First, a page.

The Grape Escape: Logging your wine ‘life list’

I spotted a hilariously bizarre line of bathroom graffiti years ago at an eatery along an interstate highway somewhere in Wyoming. It read, “Roger Tory Peterson never saw a prothonotary warbler.” But what does this have to do with wine?

Simple: It’s my view that wine appreciation is just as much a hobby as, well, bird-watching. And if a noted ornithologist like Mr. Peterson can derive pleasure from keeping a detailed “life list” of the birds he sees, then why shouldn’t wine lovers do the same with the wines we taste?

I bring an extra sense of anticipation to a bottle of wine from a country, region or grape that I haven’t experienced before. That Japanese cabernet I picked up in Kyoto and the nondescript Peruvian red I tasted in Lima stand out in my palate’s memory not because they were great wines, but because they were different wines.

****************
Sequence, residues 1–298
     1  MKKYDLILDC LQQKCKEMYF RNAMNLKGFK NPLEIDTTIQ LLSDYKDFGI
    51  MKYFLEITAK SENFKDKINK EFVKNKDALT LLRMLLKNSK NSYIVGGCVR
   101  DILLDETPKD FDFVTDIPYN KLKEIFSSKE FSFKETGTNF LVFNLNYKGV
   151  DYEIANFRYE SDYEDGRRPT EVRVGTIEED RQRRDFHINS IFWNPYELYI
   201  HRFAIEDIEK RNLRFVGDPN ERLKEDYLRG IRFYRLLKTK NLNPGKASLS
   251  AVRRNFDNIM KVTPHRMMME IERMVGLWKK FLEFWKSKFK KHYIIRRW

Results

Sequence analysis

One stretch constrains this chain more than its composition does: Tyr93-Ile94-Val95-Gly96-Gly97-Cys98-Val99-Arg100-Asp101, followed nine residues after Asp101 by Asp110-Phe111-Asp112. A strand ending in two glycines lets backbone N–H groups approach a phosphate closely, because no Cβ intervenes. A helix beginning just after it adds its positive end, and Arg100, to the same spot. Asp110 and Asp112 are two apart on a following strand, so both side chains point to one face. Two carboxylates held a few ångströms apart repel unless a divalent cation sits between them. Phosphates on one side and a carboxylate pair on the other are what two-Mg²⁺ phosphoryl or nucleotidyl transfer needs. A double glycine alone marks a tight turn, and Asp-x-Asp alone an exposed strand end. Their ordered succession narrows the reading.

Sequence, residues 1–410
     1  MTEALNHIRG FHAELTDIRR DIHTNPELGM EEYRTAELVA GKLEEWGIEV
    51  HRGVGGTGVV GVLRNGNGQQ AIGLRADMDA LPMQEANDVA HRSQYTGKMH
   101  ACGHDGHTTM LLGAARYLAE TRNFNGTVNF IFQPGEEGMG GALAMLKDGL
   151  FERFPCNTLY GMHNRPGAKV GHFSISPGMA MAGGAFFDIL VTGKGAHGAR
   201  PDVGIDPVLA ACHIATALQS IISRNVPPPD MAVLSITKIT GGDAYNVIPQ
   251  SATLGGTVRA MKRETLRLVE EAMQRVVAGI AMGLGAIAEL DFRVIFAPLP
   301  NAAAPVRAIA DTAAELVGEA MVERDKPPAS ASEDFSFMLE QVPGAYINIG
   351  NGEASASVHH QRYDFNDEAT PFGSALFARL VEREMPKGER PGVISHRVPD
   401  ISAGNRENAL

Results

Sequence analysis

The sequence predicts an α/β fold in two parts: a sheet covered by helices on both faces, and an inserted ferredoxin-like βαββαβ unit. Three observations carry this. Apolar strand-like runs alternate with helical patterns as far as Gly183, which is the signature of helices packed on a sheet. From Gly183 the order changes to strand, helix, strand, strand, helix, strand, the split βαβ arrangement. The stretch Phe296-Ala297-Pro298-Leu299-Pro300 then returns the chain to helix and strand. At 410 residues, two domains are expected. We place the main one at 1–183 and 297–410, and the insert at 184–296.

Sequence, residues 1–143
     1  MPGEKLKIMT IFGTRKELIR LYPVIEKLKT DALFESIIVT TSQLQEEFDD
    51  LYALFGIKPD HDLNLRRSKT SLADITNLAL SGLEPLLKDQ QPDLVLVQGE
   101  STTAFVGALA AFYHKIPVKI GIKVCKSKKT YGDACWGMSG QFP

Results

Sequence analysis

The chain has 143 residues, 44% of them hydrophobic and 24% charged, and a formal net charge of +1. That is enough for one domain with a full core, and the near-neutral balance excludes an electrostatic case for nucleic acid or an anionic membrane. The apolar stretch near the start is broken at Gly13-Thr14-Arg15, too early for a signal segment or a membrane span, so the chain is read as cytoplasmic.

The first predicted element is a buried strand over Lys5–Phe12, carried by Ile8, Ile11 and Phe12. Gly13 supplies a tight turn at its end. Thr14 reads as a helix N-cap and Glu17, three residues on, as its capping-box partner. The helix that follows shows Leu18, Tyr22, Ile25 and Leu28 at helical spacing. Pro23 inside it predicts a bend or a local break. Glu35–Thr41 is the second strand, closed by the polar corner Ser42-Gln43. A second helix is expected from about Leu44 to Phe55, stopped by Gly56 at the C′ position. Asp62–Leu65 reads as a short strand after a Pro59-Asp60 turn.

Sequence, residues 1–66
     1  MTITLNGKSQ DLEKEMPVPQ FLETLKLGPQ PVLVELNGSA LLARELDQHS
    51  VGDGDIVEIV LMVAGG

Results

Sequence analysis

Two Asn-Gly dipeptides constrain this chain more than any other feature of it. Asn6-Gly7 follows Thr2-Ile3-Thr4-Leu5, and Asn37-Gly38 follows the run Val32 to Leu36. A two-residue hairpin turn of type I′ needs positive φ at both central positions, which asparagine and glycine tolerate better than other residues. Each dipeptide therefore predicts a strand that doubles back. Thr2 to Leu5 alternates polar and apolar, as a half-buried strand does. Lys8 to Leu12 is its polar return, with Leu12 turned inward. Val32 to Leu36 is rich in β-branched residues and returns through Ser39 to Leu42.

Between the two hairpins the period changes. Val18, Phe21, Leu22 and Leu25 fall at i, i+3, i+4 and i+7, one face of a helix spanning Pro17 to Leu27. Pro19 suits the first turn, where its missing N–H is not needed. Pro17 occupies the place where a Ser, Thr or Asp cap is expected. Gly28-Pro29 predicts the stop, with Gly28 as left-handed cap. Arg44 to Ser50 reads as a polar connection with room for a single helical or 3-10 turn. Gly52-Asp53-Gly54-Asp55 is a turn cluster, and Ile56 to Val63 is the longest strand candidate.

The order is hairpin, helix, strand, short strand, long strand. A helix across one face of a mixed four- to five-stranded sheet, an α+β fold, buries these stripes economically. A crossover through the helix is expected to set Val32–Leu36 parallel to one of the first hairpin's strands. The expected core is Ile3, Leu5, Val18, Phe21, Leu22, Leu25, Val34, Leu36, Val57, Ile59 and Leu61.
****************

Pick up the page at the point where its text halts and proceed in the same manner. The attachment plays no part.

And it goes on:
Wine’s vast diversity makes it more interesting than any other beverage. For all our love of cabernet, pinot, merlot or chardonnay, it’s a treat to switch now and then to a wine made from, say, Refosco dal Peduncolo Rosso or xarel-lo.

Here’s a recent oddity from my list: an Arneis, made from a white grape from northern Italy that hasn’t yet become a household word.

Matteo Correggia 2009 Roero Arneis ($17.99)

Clear straw color with a brassy hue. Fresh and appetizing aromas of honeydew melon and lime foreshadow a bone-dry white-fruit flavor shaped by mouth-watering acidity, with a hint of toasted-almond bitterness in the finish. Fine with seafood and fish, and a treat with robust flavors, like our risotto with browned onions, garlic, sun-dried tomatoes, anchovies and Pecorino Romano cheese.